Director-General condemns murder of Mexican journalist Armando Rodríguez
The Director-General of UNESCO, Koïchiro Matsuura, today condemned the killing of Mexican crime reporter Armando Rodríguez in Ciudad Juárez and called for improvements in the safety of journalists in the country.
"I condemn the murder of Armando Rodríguez," said the Director-General. "The cold-blooded slaying of veteran crime reporter Armando Rodríguez highlights the long- recognized link between freedom of expression and rule of law. The ruthless criminal campaign being waged against the media in Mexico must be brought to an end. I trust that the authorities will spare no effort in investigating the killing of Armando Rodríguez and bring the culprits to justice."
Mr Rodríguez, 40, was shot by unidentified gunmen on the morning of 13 November. A crime reporter for the local daily El Diario, Mr Rodríguez, was sitting in his car in his garage at home when he was slain. His daughter, who was with him in the car, was unhurt.
According to press reports, Ciudad Juárez, across the border from El Paso, Texas, has been hit by a wave of drug-related violence that has claimed more than 1,000 lives this year.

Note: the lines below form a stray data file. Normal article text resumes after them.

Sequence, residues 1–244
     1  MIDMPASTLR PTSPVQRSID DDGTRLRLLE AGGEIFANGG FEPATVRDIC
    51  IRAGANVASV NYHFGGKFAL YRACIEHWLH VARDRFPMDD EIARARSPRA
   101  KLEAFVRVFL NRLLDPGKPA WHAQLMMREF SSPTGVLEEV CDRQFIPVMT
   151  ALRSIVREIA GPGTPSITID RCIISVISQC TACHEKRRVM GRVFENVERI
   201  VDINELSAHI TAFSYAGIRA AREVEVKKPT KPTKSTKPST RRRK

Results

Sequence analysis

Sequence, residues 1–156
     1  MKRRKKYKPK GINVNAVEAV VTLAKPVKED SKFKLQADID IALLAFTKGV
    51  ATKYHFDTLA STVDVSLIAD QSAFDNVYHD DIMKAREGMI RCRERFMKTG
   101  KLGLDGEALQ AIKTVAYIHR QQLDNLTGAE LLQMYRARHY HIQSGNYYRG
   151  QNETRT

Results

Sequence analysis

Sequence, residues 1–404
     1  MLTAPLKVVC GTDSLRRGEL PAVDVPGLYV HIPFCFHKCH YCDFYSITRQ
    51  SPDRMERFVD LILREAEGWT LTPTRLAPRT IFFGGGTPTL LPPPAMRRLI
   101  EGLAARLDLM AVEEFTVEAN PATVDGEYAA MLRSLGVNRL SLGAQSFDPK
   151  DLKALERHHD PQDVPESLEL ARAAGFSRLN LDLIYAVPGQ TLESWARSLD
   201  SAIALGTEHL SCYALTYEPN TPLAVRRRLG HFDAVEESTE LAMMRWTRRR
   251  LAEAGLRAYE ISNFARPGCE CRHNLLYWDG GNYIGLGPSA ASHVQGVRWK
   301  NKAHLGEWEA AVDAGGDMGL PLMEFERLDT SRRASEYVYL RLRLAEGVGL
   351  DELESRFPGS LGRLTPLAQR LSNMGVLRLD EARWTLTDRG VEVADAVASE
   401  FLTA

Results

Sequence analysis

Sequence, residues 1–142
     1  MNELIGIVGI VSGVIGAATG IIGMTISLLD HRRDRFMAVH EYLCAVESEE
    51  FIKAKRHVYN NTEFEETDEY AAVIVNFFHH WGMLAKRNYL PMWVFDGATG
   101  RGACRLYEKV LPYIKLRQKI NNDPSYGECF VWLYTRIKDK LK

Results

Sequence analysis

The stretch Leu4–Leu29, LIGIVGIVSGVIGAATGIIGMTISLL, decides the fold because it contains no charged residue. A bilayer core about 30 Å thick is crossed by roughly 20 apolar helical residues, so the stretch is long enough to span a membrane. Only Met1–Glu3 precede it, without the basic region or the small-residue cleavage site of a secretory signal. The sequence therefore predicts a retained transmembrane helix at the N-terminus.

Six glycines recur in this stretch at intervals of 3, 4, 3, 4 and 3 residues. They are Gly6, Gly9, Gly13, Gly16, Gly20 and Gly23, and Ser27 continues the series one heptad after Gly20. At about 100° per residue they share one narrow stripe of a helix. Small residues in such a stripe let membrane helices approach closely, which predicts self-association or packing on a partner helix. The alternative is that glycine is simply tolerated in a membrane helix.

The Committee to Protect Journalists (CPJ) reports that, since 2000, 24 journalists - including Mr Rodríguez - have been killed in Mexico. Seven more journalists have disappeared since 2005.
UNESCO is the only United Nations agency with a mandate to defend freedom of expression and press freedom. Article 1 of its Constitution requires the Organization to "further universal respect for justice, for the rule of law and for the human rights and fundamental freedoms which are affirmed for the peoples of the world, without distinction of race, sex, language or religion, by the Charter of the United Nations." To realize this purpose the Organization is required to "collaborate in the work of advancing the mutual knowledge and understanding of peoples, through all means of mass communication and to that end recommend such international agreements as may be necessary to promote the free flow of ideas by word and image..."